4 Websites That Will Help You Build Hope

Young woman lying on the grass

PHOTOCREO Michal Bednarck/Shutterstock.com

Digital tools to keep your outlook optimistic

Hope gets you out of bed every morning, and yet by lunchtime, that wide-eyed optimism can turn into an empty homily. Here are four websites that can help you stay focused and turn your good intentions into reality.

FutureMe.Org lets you send a letter to your future self, days, weeks, months or even years in the future. You can use it to remind yourself of a where/when plan you’ve made (“Hi, Today is the day you’re signing up for swimming lessons”) or check in on your progress. More than two and half million future letters have been written through the website.

StickK.com allows you make a “commitment contract,” declaring your goals to yourself and others, and making it binding. You choose your objective—losing weight, quitting smoking, writing the first 100 pages of your novel, running a 5K—pick a timeframe and designate a referee who will monitor your progress as well as supporters who will cheer you on. You can also set a stake—betting, say, $10 a week that you’ll keep your commitment—and choosing where the money will go (a charity, perhaps) if you fail.

Timebanks.org helps send ripples of hope out into your community. Using time as currency, members of the bank contribute their skills and earn “time credits” in exchange. Everyone’s time is valued alike. You might deliver an hour of resume writing and withdraw an hour of carpentry down the road. “We are all assets,” the website says. “We all have something to give.”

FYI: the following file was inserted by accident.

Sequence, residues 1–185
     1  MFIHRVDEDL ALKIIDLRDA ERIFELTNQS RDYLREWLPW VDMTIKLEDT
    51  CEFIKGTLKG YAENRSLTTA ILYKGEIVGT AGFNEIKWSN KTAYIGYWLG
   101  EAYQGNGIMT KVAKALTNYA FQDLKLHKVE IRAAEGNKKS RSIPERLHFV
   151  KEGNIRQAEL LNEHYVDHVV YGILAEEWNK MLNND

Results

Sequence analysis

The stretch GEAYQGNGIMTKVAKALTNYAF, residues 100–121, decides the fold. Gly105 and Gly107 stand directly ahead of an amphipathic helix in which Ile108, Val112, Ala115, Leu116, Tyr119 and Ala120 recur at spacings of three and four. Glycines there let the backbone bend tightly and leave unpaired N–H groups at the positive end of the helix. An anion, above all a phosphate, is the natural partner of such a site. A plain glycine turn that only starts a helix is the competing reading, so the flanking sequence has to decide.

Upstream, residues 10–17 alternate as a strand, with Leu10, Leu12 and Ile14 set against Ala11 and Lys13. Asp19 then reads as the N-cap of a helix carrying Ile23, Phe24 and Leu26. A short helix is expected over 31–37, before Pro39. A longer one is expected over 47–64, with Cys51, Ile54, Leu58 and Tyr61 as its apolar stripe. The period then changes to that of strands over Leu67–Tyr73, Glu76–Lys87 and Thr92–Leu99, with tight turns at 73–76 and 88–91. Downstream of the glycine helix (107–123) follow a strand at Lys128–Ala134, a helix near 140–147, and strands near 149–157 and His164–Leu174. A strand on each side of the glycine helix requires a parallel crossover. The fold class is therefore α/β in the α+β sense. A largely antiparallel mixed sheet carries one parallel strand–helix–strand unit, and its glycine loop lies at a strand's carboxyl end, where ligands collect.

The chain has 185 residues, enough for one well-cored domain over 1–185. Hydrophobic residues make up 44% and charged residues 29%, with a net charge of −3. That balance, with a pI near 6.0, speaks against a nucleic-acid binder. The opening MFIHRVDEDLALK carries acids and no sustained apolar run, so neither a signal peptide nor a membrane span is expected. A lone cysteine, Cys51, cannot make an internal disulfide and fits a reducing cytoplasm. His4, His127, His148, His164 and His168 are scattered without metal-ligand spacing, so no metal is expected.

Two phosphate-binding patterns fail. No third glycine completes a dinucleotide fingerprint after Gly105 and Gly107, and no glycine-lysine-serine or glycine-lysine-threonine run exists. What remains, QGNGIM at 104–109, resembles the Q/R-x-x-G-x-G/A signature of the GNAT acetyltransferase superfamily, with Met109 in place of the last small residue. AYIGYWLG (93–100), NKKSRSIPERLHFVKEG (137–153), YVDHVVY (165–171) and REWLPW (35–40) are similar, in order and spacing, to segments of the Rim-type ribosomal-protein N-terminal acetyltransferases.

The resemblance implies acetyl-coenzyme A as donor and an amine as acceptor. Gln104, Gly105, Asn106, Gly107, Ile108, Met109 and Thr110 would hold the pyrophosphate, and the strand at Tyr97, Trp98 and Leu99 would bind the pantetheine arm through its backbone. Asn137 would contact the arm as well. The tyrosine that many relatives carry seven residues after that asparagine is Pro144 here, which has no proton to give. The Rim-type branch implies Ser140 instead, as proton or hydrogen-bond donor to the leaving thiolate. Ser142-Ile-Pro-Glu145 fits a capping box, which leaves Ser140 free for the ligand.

Hopemonger.com is Shane Lopez’s website and it is filled with hope-building resources, including a link to the Hope Scale, so you can measure (and track) your own hope; information on “nexting while talking,” a technique for practicing hope with your kids; and hope how-tos on mapping out hope and sharpening your hope skills.

For more about hope and how we can harness it to overcome life's difficulties, see our previous feature article about self-declared "hope monger" Shane Lopez, which originally appeared in the February 2014 issue of Live Happy magazine.

 

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